CEO Breakfast Forum ‘Sustainability of Unilever and Efforts for Achieving SDGs’
On September 7, the Global Compact Network Korea (GCNK) jointly hosted CEO Breakfast Forum, "Sustainability of Unilever and Efforts for Achieving SDGs” with Korea Business Council for Sustainable Development (KBCSD) at Westin Chosun Hotel. Mr. Paul Polman, Unilever CEO and Vice Chairman of the United Nations Global Compact Board, was invited to speak at the breakfast forum. He was appointed as the new Vice President of the United Nations Global Compact Board last April.
Mr. Polman, who is well known for his extraordinary insights on corporate sustainability, was the only entrepreneur out of the 26 High Level Panels that provided advice to former UN Secretary-General Ban Ki-moon in 2012 regarding the Post-2015 Development Agenda, and played a pivotal role in developing the SDGs. He has previously served as Chairman of the International Chamber of Commerce (ICC), member of the World Economic Forum (WEP) Business Sector and Vice Chairperson of the International Consumer Products Forum.
During the welcoming speech, Lee Dong-kurn, President of the Global Compact Network Korea (GCNK), said that “the GCNK has held CEO Breakfast Forums with important figures at just about the right time. Today's breakfast forum with Chairman Paul Polman is a rare opportunity to have, so I expect it will be a good venue to obtain valuable insights." Furthermore, President Lee mentioned that “there are companies responding to SDGs in Korea, but I think it's time for us to 'pioneer' rather than 'respond'. The 17 goals of SDGs reflect the needs of the market as the top priorities facing global society. By actively participating in SDGs, companies will gain new market opportunities, reputation, and internal trust from employees and stakeholders.
KBCSD Chairman Huh Myung-soo stated that, "It is not easy to make good decisions during business management. It's important to have managerial mind to create future-oriented business, and Mr. Polman has a firm outlook on long term capitalism.” He continued, “Amidst the spread of capitalism, Mr. Polman has bravely directed mid- to long-term goals on the basis of SDGs and as a result, society has been positively influenced as well as investors are now beginning to change their perceptions.”
Mr. Polman then started his speech. He mentioned, “I can still remember the time I participated as a high level panel to develop the SDGs. While proceeding with the Rio +20 Conference, former UN Secretary General Ban Ki-moon selected 27 figures as the high level panels and I was in charge of the private sector. Since then, for 3 years, I thought about what the world really needs, and proceeded to create the SDGs.”
"Now is the spring of hope and the winter of despair," said Polman. “This is a phrase from Dickens's 1895-year-old two-city story. Nowadays both average life expectancy and access to health services have increased, there are many women working and 217,000 people are escaping from poverty every day. But at the same time, it is also the worst time. The year 2018 has been the hottest year in human history, and forests have declined by 51 percent compared to last year. The inequality is so severe that the six richest people have as much assets as the bottom 50% combined. If the South Korean government does not respond accordingly, it will be very difficult to implement the SDGs. Citizens who are involved in democracy are also stakeholders, and in particular, businesses should actively respond."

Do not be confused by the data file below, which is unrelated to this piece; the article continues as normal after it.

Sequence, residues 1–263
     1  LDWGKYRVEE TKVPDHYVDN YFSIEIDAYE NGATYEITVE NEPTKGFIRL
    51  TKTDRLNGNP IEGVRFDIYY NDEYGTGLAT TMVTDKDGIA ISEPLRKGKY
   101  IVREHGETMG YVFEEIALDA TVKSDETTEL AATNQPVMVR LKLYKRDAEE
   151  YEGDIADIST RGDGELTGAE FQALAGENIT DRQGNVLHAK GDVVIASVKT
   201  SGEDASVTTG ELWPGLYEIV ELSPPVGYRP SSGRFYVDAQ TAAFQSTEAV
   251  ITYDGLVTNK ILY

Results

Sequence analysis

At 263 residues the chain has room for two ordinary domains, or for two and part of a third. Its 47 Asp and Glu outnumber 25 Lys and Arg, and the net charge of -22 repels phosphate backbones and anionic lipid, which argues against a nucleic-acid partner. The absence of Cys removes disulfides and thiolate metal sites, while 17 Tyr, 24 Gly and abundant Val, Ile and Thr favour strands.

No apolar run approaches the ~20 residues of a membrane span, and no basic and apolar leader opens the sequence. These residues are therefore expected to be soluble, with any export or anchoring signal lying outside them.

"Growth should be more inclusive," continued Polman. “Einstein said that it is abnormal when you work in the same method and want the outcome to change. Companies should form long-term, multilateral partnerships with a clear joint goal rather than just contractual partnerships." He emphasized that "companies must exist not just for their shareholders, but also for the people."
"We can outsource our supply chain, but we cannot outsource our corporate responsibilities," he said. "Unilever always cooperates with responsible companies and procures resources in a way that food is not wasted," stated Polman.
Finally, Polman insisted that “we need more leaders. If you look at the big changes that occurred, someone proceeded with courage. We need to invest on these leaders, those who are able to put others first."
The CEO Breakfast Forum with Paul Polman was a meaningful time to listen to the opinions of the global CSR leaders and learn how our businesses should move forward. The Global Compact Network Korea will continue to provide such opportunities to support companies in their implementation of SDGs and sustainable development. We hope you will also be interested in the following events.